Just kidding, but there are traits described in this case that fit me well, just I don't cut, am not an attention whore and I am a gourmet so no appetite disorders, haha. And more important, I know for sure I'm no threat... So careful what you label 'borderline'!

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8 Name: Secret Admirer : 2008-05-02 19:07 ID:7nOk1AD+

My girlfriend is diagnosed Bipolar, on medication for it, and one of the most mature, stable people I know;

I love her deeply, and wouldn't have her any other way, frankly...

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9 Name: Secret Admirer : 2008-05-02 22:56 ID:l1Pg+sjD

Hello, female bipolar here. I'd like to share a story as food for thought: when I was younger and still did not know I was bipolar, I had four very close friends. I'm not the most social person out there, so when I make friends, I make it a point to make good, close friends that I'll want to keep. However, during a particularly severe depression, I decided I was not worth such wonderful friends, called them up, and said what boils down to: "I don't want to be friends anymore".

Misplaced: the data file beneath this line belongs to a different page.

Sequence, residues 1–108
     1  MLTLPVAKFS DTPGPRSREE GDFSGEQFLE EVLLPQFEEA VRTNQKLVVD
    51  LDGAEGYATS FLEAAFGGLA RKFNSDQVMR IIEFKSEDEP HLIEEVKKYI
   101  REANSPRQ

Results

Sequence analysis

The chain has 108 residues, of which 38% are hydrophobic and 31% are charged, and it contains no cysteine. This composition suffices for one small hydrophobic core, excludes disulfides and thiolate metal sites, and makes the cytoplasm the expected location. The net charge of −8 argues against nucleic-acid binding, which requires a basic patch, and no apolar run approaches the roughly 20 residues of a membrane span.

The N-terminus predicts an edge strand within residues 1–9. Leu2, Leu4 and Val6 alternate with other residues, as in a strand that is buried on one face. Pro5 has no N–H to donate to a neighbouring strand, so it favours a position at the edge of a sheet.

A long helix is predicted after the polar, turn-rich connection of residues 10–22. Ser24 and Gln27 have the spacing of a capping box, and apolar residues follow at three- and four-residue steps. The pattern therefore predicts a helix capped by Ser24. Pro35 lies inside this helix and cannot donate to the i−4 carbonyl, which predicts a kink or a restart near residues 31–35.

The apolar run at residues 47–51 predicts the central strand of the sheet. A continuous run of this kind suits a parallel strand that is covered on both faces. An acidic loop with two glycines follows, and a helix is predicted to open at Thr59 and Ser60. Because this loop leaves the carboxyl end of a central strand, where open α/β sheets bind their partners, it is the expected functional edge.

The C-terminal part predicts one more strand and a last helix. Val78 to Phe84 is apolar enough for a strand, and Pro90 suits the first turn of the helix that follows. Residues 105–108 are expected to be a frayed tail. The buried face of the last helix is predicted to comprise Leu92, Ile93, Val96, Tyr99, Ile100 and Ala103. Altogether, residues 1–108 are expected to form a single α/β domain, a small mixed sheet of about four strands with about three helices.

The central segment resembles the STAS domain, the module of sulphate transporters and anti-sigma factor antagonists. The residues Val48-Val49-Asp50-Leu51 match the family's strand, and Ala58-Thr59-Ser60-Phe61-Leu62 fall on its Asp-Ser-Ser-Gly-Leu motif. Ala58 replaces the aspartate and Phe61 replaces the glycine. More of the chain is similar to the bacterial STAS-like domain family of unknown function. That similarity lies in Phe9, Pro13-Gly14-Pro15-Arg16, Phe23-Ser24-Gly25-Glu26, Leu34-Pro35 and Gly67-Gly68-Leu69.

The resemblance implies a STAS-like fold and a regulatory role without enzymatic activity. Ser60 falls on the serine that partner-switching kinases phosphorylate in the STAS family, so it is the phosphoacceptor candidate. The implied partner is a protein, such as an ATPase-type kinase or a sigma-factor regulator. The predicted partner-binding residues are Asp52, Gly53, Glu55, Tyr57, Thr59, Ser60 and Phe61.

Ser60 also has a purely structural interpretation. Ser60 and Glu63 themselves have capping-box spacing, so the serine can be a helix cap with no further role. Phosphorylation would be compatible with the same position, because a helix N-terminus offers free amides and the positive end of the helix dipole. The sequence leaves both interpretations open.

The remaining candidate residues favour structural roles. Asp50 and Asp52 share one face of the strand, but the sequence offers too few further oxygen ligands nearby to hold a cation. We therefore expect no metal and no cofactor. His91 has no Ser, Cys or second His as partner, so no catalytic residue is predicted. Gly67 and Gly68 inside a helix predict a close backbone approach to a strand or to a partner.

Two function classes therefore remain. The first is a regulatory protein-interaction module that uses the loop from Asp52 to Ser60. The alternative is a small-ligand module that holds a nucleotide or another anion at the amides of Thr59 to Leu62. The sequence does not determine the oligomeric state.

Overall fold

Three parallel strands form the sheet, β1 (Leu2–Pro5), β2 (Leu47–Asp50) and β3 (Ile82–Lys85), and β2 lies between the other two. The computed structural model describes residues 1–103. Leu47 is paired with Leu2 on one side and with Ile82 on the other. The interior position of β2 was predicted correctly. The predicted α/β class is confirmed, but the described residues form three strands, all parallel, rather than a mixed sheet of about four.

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10 Name: Secret Admirer : 2008-05-02 23:37 ID:9E0k9o63

I think you should tell beforehand. So the person knows where he/she is going. And knows if he/she cares enough to want to still try and build something.

I think if you hide it (be it volontarly or by "omitting" to mention it), well first you're not being frank and that's never good for a relationship, especially on something that serious; but also, the "sudden discovery" might be more scary and is more likely to make people run away than the upfront confrontation (because they had time to get used to it).

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11 Name: >>8 : 2008-05-03 10:55 ID:7nOk1AD+

#8 here;

To >>9, about your situation:

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12 Name: >>9 : 2008-05-03 13:34 ID:l1Pg+sjD

>>8, thank you for your response! You made my day :) It's nice to know there are people who know we're not crazy!